Machine Learning, Artificial Intelligence, Neural Networks… These are not just hot “buzzwords” anymore. 2017 has seen the deployment of very real solutions that are no longer confined to the imagination of innovators of the likes of Elon Musk, and before the year wraps up we wanted to take a look at some of the main technology breakthroughs of 2017.
Just last month, Google announced the launch of TensorFlow Lite, a lightweight version of TensorFlow, Google’s open source library for machine learning. TensorFlow Lite is a solution specifically aimed at mobile and embedded devices, built on 3 pillars: small size, cross-platform capabilities, and optimized performance.
Technical jargon aside, the arrival of TensorFlow Lite will open new opportunities to improve on-device image recognition, conversational models that provide one-touch replies to incoming chat messages, and enhanced camera + voice interaction models, among others.
Even though TensorFlow already supported mobile deployment of machine learning applications through the TensorFlow Mobile API, Google is pushing TensorFlow Lite as an “evolution” of TensorFlow Mobile, which means that the latter will most likely be phased out in the near future.
One of the biggest challenges in Artificial Intelligence is developing a system that is capable of holding a decent conversation. Facebook has lead the charge in this area with its implementation of chatbots, and took a step further this year with the release of the ParlAI framework.
In short, ParlAl offers a simpler way to build conversational AI systems, plus the ability to combine different approaches to improve machine dialogue, in order to build smarter chatbots that won’t get so easily confused by an unexpected question.
The ultimate goal of ParlAI, which is built on Python, is to help develop a complete question-answering system that can recognize and respond appropriately to the nuisances of language. Although this is a highly ambitious goal, researchers expect this platform to make great progress in the next 5 years.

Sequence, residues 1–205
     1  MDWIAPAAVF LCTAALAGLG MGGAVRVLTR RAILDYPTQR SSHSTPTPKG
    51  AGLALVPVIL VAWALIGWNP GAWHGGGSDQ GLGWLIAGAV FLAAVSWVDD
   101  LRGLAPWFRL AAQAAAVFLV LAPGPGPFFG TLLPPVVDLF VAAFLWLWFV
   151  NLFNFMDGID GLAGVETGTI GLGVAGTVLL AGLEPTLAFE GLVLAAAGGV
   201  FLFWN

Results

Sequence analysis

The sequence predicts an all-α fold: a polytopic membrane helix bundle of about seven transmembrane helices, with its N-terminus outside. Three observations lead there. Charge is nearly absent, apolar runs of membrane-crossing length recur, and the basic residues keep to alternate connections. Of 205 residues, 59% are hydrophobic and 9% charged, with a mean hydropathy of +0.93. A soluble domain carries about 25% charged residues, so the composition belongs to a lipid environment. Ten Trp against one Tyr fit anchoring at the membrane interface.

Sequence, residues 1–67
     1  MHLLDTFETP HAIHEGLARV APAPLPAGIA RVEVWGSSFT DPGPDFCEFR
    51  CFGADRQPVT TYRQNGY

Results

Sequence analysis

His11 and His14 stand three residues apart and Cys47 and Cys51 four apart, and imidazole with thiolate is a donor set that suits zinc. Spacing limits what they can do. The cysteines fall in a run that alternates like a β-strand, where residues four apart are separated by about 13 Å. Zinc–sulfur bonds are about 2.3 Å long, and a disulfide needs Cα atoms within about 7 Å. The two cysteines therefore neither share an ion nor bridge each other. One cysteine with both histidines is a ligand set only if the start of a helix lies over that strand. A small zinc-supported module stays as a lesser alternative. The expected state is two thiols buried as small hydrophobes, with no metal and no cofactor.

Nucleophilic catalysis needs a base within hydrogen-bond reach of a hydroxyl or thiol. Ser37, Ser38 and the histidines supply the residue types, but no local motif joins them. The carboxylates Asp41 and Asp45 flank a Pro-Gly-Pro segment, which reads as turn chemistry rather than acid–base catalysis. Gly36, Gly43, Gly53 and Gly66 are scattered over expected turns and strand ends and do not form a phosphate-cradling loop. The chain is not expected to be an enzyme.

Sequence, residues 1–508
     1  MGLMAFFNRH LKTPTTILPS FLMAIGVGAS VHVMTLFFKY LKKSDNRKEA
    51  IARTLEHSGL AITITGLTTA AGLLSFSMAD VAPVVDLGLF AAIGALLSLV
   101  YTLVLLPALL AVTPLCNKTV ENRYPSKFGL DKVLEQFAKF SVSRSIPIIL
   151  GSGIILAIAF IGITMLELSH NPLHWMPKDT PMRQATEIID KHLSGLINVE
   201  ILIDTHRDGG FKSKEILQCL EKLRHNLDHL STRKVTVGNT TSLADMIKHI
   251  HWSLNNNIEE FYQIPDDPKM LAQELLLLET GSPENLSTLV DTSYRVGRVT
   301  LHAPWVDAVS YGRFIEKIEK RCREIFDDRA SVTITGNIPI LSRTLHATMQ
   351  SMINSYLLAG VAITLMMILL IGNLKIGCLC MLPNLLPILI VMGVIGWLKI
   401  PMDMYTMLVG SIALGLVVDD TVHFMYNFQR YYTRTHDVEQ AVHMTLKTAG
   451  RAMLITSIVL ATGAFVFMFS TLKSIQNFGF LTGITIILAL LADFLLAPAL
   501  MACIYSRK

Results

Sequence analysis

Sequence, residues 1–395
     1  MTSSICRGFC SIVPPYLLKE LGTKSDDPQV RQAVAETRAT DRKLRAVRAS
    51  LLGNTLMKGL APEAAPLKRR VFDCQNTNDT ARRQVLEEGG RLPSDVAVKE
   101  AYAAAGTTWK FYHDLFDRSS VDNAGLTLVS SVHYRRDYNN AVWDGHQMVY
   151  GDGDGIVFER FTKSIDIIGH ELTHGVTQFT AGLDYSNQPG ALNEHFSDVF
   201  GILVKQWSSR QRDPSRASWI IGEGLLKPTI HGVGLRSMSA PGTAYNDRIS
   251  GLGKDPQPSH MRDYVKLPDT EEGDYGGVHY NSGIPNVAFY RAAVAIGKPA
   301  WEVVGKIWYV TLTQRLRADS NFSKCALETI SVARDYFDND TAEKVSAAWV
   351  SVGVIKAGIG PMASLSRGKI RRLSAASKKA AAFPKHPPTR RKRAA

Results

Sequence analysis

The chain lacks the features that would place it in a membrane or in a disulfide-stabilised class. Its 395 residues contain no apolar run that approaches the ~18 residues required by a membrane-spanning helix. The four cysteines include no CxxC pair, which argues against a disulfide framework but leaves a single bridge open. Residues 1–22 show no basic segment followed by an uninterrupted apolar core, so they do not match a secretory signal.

Accelerating the development of self-driven vehicles became a priority for Silicon Valley’s top players this year. Waymo, the autonomous vehicle branch of Alphabet (Google’s parent company) has been testing a fleet of driverless cars in Arizona since October, with the goal of offering a commercial ride-hail service integrated with platforms like Uber and Lyft.
In the same field, Uber recently announced a $1 billion purchase of self-driving cars from Volvo, which expands on the $300 million partnership that these companies struck last year. Also, the lesser-known company Otto, which outfits trucks with the equipment needed to drive themselves for long-haul delivery, was acquired by Uber for a reported $680 million last year, which has given them access to 500 engineers at Uber that have focused on improving self-driving technology this year.
Big money is definitely pouring into the autonomous vehicle field, which is expected to become commercially viable and widespread within the next 5 to 10 years.
Now for the downside…
Not everything has been roses in tech in 2017. There’s definitely a darker side of technology that has had a negative impact this year.
2017 was the year of “fake news”. Pressured by intense scrutiny from Congress, Facebook was forced to accept that fake posts from Russia had reached the news feed of 126 million people, which generated intense debate about the dangerous power and influence of social media networks in the U.S. presidential election. This is far from the only criticism that platforms like Facebook and Youtube have received this year, as they have also been condemned for their inefficiency in policing content and avoiding the proliferation of violent videos and hate speech from extremist groups.
Interestingly, just this week it was reported that a team of college students from Yale developed a Chrome extension called Open Mind, with the intention of countering fake and biased news. When active, the plugin will display a warning when the user enters a site that has been flagged for spreading fake news. In addition, the plugin will be able to identify political slant and bias, and will recommend alternative stories from the other side of the spectrum.
Lastly, the tech debate has started to shed light on the relentless pace of automation, which entails the potential loss of millions of jobs. Just considering automated vehicles, a report by the White House estimates that self-driving technology could threaten up to 3.1 million jobs in the U.S. alone.
At the end, it seems wise that on the new year the decision makers within the tech ecosystem take pause and reflect on the famous words of Dr. Ian Malcom: "Your scientists were so preoccupied with whether or not they could, that they didn't stop to think if they should."